Contrary to a commonly held misconception, optimizing the value realized from public clouds, such as Google Cloud Platform (GCP), Amazon Web Services (AWS), and Azure, doesn’t necessarily mean minimizing spend on their services. In fact, growing cloud bills can be positive insofar as the consumer maximizes the value received per dollar spent, and the value realized exceeds that of alternative technologies. The goal should, therefore, not necessarily be to spend less on the cloud but rather to maximize the efficiency of cloud consumption. This is a critical distinction, especially for organizations that are in a growth phase and may be wary of any cost reduction initiatives that threaten to constrain operational flexibility.
Both growth- and margin-centric cloud consumers can maximize efficiency without inhibiting the attainment of their business goals. Here are some tips on how to do it.
Developing strong capabilities around the visibility and reportability of public cloud spend is by far the most important foundational pillar of FinOps. Metadata on billing line items such as tags, labels, or account naming conventions should be comprehensive enough that the organization can segment its cloud spend by business dimensions, better helping them understand their cloud economics. Examples of such segmentation might include segmentation by department, geographic region, customer segment, or by products and services. Although these dimensions will vary from organization to organization, there is one segmentation that nearly every organization must be able to implement: spend by technical owner. To meet this requirement, an organization should be able to trace every dollar of cloud spend to the person or people who incurred the cost.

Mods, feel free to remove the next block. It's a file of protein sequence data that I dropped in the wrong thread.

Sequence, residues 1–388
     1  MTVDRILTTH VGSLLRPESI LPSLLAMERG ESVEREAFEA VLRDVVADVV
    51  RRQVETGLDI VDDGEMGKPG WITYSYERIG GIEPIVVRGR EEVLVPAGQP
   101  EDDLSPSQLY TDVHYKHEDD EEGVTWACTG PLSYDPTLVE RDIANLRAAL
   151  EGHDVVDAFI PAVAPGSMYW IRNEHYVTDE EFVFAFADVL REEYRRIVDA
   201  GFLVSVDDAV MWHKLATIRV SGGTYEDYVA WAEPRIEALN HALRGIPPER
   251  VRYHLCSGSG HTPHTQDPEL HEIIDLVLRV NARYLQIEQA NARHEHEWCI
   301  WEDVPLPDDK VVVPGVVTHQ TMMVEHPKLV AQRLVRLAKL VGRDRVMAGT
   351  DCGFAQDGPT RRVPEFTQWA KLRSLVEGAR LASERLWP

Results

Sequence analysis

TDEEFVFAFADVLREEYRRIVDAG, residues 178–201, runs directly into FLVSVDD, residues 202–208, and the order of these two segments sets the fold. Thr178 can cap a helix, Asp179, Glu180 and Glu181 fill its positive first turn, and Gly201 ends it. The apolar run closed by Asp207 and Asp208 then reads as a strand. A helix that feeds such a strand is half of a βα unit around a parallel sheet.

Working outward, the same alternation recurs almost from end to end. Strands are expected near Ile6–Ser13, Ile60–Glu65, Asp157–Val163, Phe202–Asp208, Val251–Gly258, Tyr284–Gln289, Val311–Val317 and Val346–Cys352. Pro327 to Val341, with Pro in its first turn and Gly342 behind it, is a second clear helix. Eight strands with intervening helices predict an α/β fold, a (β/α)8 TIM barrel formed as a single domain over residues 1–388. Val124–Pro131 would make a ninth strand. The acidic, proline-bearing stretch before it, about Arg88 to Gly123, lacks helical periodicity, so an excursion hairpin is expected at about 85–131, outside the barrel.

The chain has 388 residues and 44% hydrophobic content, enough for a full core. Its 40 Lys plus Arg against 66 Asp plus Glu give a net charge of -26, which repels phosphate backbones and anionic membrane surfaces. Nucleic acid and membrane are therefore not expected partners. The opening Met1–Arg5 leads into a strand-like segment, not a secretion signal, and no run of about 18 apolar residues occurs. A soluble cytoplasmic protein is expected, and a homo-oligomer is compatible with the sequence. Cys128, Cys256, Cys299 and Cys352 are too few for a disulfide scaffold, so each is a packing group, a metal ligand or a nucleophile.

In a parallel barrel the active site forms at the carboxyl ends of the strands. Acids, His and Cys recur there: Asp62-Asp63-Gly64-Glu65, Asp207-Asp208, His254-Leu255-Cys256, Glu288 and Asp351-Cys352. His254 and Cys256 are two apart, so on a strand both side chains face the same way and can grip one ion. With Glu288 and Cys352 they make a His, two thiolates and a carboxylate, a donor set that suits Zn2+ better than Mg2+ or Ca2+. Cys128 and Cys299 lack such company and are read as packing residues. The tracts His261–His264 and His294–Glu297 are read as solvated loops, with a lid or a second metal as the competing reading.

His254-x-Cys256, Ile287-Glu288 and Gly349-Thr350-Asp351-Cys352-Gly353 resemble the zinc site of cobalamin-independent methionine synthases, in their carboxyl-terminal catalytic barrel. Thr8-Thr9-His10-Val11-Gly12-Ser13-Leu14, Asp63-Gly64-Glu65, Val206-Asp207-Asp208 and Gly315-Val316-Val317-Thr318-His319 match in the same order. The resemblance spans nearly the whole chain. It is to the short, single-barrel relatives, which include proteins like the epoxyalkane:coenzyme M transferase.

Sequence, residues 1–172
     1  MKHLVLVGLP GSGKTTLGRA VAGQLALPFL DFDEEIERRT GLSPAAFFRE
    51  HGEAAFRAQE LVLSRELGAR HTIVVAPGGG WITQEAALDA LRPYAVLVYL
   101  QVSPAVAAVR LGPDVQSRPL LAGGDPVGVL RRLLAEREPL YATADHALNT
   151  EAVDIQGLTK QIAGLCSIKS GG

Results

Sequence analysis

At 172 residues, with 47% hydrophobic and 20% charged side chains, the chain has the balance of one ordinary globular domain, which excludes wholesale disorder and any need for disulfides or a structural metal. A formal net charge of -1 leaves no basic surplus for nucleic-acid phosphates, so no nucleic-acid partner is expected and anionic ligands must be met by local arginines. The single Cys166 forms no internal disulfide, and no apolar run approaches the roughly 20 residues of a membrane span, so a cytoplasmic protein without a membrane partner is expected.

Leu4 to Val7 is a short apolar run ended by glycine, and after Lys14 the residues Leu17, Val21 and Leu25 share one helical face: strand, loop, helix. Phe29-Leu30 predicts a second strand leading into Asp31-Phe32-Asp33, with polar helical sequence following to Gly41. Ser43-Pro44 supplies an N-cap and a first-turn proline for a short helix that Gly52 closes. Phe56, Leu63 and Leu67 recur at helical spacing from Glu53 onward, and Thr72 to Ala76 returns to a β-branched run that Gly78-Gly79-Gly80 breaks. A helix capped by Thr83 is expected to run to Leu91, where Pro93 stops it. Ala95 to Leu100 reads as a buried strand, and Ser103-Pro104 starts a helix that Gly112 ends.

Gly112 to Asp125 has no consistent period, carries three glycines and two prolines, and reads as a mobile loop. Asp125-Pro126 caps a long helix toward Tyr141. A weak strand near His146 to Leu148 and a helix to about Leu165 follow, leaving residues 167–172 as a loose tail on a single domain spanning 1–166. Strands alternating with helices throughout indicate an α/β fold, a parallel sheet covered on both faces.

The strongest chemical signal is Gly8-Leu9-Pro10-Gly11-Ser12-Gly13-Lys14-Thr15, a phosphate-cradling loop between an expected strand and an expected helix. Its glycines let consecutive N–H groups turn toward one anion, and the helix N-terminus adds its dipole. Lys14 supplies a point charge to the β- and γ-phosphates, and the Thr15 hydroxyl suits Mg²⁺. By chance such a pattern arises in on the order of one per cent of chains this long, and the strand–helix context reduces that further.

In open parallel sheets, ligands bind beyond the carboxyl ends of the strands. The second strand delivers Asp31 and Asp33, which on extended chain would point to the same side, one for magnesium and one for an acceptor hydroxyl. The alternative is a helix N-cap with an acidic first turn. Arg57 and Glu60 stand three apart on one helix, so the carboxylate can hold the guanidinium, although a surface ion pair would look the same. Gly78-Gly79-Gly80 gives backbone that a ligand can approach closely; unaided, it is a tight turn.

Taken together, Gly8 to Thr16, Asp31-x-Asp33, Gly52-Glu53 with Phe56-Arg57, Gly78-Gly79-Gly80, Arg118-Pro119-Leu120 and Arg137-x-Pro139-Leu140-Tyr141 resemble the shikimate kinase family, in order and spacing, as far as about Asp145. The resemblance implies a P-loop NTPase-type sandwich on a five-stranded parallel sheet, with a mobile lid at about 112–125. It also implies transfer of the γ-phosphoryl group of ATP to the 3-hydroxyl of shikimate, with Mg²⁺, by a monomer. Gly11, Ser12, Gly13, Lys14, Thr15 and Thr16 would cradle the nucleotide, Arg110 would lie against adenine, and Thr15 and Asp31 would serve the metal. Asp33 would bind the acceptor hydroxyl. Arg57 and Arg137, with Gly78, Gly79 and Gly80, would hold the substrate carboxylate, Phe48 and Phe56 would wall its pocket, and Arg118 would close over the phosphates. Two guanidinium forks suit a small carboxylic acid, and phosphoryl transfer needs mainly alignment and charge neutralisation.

Only with cloud spend comprehensively segmented can the other pillars of sound FinOps practices be applied. For example, with the ability to group cloud resources, technical owners can be consulted about the feasibility of downsizing or eliminating specific resources in their deployments. Similarly, cloud vendors offer a variety of commitment-based discount programs such as AWS Savings Plans and GCP Committed Use Discounts, the management of which falls under the pricing efficiency FinOps pillar. Optimizing participation in these programs requires accurate forecasts of future consumption by vendor SKU or product category. Compiling those forecasts accurately depends on an ability to track spend directly to technical owners so they can be consulted about their plans.
With careful planning, workload placement, and cost management, consumers of public cloud can maximize the value they realize from these services even when their bills are increasing month-over-month. So long as they are maximizing the value they get for those dollars, and the value received exceeds that offered by alternative technologies, rising cloud bills can be a very good thing.
By Rich Hoyer, Director of Customer FinOps at SADA